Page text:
Contrary to claimant's assertions, the Act does not provide for the payment of attorneys' fees to all successful claimants. Section 28 of the Act, 33 U.S.C. § 928,5 limits the award of attorneys' fees to those cases in which the employer or carrier disputes the existence or extent of an obligation to pay compensation. It is the employer or carrier who must pay the claimant's attorney's fee in those cases, and not the special fund. Section 44(j) of the Act, 33 U.S.C. § 944(j), provides that the proceeds of the fund shall be available for (1) payment of the initial and subsequent annual adjustments in compensation for total and permanent disability or death which occurred prior to the effective date of the 1972 amendments, (2) payment of additional compensation for injury increasing disability, assistance for employees undergoing vocational rehabilitation and payment for medical treatment where the employer defaults, (3) reimbursement to the Treasury, and (4) defraying the expenses of medical examinations. It does not provide for the payment of attorneys' fees.6 Congress clearly recognized that the responsibility for fees would occasionally fall on claimants, since it provided that approved7 attorneys' fees, ". . . in cases in which the obligation to pay the fee is upon the claimant, may be made a lien upon the compensation due under an award . . . ." § 28(c) of the Act, 33 U.S.C. § 928(c). Thus, although the intent of Congress in passing the Act was to aid longshoremen, Reed v. S.S. Yaka, 373 U.S. 410, 415, 83 S.Ct. 1349, 1353, 10 L.Ed.2d 448 (1963), Congress did not intend that aid to extend to the payment of attorneys' fees in other than limited circumstances.8
Moreover, this court has previously recognized the limitations on counsel fee awards under § 28. In Portland Stevedoring Co. v. Director, 552 F.2d 293 (9th Cir. 1977), we reversed the BRB's order for fees on appeal against the employer when the BRB's order had not established the existence or extent of the employer's liability. We held that § 28 ". . . provides for direct payment of attorney's fees by an employer only when a claim involving the existence or extent of liability is resisted by an employer and is subsequently successfully prosecuted by claimant's attorney." Id. at 294. Similarly, in National Steel & Shipbuilding Co. v. U.S. Dept. of Labor, 606 F.2d 875 (9th Cir. 1979), we held that Congress intended to limit liability for counsel fees to cases in which the parties disagreed on the existence or extent of liability. Id. at 882. The case before us simply did not involve such a dispute.
The claimant also points to § 44(j)(2) of the Act, 33 U.S.C. § 944(j)(2), in support of his contention that awarding him his attorney's fee from the special fund is not repugnant to the purposes of the fund. His reliance on that provision is misplaced. That subsection, in part, provides that the proceeds of the fund shall be available for payments under § 39(c) of the Act. Section 39(c)(1), 33 U.S.C. § 939(c)(1), grants the Secretary of Labor discretion to provide "legal assistance in processing a claim." Robertson, however, is not requesting assistance in processing his claim ; rather, he is requesting an award for fees after he has himself obtained legal assistance and has fully processed his claim.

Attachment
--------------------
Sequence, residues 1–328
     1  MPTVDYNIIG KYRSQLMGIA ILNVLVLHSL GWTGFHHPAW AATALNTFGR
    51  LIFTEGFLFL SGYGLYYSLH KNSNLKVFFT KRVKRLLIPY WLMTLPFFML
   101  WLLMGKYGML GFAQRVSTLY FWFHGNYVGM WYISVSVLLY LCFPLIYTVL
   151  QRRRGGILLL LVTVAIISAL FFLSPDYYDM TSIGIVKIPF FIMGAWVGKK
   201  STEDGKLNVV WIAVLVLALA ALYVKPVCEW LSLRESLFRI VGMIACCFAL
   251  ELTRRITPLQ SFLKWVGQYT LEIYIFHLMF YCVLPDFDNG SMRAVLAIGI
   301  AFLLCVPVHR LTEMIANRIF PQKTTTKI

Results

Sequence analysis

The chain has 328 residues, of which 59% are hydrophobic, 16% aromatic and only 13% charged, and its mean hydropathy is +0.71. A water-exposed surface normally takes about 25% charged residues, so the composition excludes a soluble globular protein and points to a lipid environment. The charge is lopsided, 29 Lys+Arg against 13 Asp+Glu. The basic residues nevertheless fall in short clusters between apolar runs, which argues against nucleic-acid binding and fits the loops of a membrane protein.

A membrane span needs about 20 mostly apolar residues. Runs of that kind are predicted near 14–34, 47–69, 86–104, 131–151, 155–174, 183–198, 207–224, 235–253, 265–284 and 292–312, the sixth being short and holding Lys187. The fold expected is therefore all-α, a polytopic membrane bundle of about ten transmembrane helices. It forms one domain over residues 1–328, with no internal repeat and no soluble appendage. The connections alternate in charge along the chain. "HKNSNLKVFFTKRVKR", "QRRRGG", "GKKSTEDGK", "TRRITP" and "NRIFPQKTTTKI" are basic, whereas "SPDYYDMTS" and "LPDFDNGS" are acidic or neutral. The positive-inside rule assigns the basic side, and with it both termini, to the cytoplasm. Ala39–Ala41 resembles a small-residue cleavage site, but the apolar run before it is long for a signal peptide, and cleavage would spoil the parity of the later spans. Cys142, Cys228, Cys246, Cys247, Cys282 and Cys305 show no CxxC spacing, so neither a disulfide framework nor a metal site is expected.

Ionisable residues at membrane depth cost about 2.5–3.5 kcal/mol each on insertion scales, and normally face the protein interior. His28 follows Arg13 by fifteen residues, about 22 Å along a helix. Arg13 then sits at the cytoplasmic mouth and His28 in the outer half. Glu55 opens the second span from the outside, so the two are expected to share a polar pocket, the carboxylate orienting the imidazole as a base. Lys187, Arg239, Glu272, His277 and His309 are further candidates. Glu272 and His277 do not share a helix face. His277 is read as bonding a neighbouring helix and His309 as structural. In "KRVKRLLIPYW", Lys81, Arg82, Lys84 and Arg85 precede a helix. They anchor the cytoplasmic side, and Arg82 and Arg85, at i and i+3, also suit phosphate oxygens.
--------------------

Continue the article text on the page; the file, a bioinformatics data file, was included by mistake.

This interpretation9 of the language of § 39(c)(1) is supported by the legislative history of the 1972 amendments, which indicates that Congress intended the provision to empower the Secretary to provide legal counsel in needy cases:
The bill also makes legal assistance in processing the claim for benefits under this Act available in needy cases upon request subject to the Secretary's discretion. It is the committee's desire that the Secretary construe this provision as liberally as possible so as to provide any worker in need of legal assistance such counsel . . . .
H.R.Rep. No. 92-1441, supra at 13, reprinted in (1972) U.S.Code Cong. & Admin.News, pp. 4698, 4710 (emphasis supplied).10
As the foregoing discussion demonstrates, the Act does not provide for the payment of attorney's fees from the special fund, and the American Rule therefore operates to preclude an award of attorney's fees from the fund in the usual case. Alyeska Pipeline Service Co. v. Wilderness Society, supra, 421 U.S. at 247, 95 S.Ct. at 1616. Several exceptions to the American Rule have developed, however, based on the "equitable powers of the court . . . to award attorneys' fees when 'overriding considerations of justice seem to compel such a result' . . . ." Reiser v. Del Monte Properties Co., supra, 605 F.2d at 1137, citing Fleischmann Distilling Corp. v. Maier Brewing Co., 386 U.S. 714, 718, 87 S.Ct. 1404, 1407, 18 L.Ed.2d 475 (1967). Exceptions have been established for cases in which the claimant's action results in a substantial benefit to others or in the creation or recovery of a fund in which others were interested, where the losing party has acted in bad faith, or where the defendant in a contempt action has wilfully violated a court order. Reiser v. Del Monte Properties Co., supra, 605 F.2d at 1137-38.
Robertson appears to claim that he is entitled to counsel fees under the "bad faith" exception. He argues that the BRB precluded an early resolution of the controversy by requiring briefing rather than relying on the stipulation by Robertson and the Director, thereby forcing him to incur further fees.
This argument must fail. The "bad faith" exception provides for the awarding of attorney's fees when the losing party has acted vexatiously or oppressively, and the rationale underlying the exception is therefore punitive. Hall v. Cole, 412 U.S. 1, 5, 93 S.Ct. 1943, 1946, 36 L.Ed.2d 702 (1973); Reiser v. Del Monte Properties Co., supra, 605 F.2d at 1137. There is simply no reason for punitive action here. Even if there were any evidence of bad faith on the part of the BRB in requiring briefing, the BRB is not Robertson's opponent here, as the BRB would not be the losing party were we to sustain the award of fees from the special fund. See Hall v. Cole, supra, 412 U.S. at 5, 93 S.Ct. at 1946; Union Bank v. Winnebago, 528 F.2d 95, 99 (9th Cir. 1975). Robertson's adversary in this litigation is the Director, and there is no evidence in the record of any vexatious conduct on the Director's part; on the contrary, the Director supported Robertson's contention that the ALJ's decision was arbitrary and erroneous. Similarly, there is no evidence in the record to support an argument that the Director's position in this lawsuit was undertaken in bad faith.